On the eve of President Obama's inauguration I wrote that the new president posed a test to Europe's ability to deliver and asked if a conservative-run EU would be able to seize this historic opportunity. But I did not imagine that Merkel and Sarkozy would fail so quickly. Along with Commission President Barroso they are putting Europe in the position of doing less to fight the global downturn than the US, China and Japan. Barroso continues to claim that the Europe is investing 3.3% of GDP in the recovery when this is widely recognised as fiction; the real figure is only 0.9%. This pales in comparison with the Obama stimulus, and despite the fact that we are faced with the worst recession since the 1930s, Sarkozy and Merkel are unwilling to spend any more to counter the downturn. They believe that this would damage their budgets, but the truth is that in the long term it is far more dangerous to do nothing.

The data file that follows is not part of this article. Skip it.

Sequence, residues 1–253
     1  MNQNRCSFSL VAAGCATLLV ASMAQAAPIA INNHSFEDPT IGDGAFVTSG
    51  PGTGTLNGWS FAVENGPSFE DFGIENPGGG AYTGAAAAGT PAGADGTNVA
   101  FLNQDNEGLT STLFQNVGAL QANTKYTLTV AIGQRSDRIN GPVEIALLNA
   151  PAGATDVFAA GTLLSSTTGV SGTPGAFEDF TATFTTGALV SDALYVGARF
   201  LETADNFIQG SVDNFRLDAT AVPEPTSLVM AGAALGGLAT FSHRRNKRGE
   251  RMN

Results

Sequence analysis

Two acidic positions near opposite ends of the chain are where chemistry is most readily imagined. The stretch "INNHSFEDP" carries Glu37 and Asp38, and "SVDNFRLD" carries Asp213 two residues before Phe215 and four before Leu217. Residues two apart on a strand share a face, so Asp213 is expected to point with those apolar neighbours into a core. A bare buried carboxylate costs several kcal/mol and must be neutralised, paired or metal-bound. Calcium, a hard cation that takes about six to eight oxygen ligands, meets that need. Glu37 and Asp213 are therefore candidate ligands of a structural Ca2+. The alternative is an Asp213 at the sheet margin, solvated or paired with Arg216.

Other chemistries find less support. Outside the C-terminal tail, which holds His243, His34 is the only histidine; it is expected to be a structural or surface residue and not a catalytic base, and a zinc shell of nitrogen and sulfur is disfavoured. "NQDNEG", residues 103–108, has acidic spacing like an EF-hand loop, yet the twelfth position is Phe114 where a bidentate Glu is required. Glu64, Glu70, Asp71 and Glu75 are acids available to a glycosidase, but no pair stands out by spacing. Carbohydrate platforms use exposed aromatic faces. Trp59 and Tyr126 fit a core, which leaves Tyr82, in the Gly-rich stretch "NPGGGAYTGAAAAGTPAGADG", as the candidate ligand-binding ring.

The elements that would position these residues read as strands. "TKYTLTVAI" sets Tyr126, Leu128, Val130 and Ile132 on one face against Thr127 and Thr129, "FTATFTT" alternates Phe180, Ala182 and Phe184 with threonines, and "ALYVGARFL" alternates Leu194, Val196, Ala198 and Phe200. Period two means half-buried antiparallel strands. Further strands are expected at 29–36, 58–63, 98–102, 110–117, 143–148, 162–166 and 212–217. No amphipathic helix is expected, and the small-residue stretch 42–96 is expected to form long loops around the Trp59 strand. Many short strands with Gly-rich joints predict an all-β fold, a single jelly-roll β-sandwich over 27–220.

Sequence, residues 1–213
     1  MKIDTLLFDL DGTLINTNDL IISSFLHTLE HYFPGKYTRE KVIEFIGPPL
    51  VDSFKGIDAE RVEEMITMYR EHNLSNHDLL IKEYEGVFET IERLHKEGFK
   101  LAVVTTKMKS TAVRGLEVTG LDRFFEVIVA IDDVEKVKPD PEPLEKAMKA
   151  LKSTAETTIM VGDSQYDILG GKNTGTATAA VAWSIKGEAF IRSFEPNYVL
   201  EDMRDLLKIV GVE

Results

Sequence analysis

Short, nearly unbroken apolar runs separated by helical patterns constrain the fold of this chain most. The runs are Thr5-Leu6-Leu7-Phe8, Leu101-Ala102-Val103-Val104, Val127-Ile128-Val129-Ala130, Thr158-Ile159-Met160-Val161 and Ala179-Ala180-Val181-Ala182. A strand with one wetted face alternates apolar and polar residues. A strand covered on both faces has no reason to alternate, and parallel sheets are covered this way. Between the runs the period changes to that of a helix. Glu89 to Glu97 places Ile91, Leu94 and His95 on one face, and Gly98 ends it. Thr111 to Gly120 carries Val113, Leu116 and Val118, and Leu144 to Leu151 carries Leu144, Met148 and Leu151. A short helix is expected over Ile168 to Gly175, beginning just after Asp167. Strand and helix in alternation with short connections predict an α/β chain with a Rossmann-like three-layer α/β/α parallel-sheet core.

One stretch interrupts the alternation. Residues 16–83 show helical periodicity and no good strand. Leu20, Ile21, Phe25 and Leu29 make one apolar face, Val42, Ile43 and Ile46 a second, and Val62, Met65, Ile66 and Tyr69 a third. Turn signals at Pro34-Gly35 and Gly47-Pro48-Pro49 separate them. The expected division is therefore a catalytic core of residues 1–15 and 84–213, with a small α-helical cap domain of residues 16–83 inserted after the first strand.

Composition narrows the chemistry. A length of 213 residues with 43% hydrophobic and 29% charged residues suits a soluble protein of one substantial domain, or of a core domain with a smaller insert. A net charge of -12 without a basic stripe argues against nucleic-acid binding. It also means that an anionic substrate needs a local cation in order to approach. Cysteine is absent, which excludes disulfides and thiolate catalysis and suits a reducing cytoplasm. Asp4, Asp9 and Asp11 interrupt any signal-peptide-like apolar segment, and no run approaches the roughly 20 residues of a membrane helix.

Instead they talk only about new regulation and tax havens - that's all very well, but we urgently need action that will have an immediate effect on the economy. And that means spending money. On that point, I was disappointed to see the chair of British Airways describing tax havens, hedge fund regulation and executive pay as 'red herrings'. The truth is that we need a complete, integral answer to the crisis, and that includes both stimulus packages to relauch the economy and strong new regulation to prevent future crises. One without the other just won't do.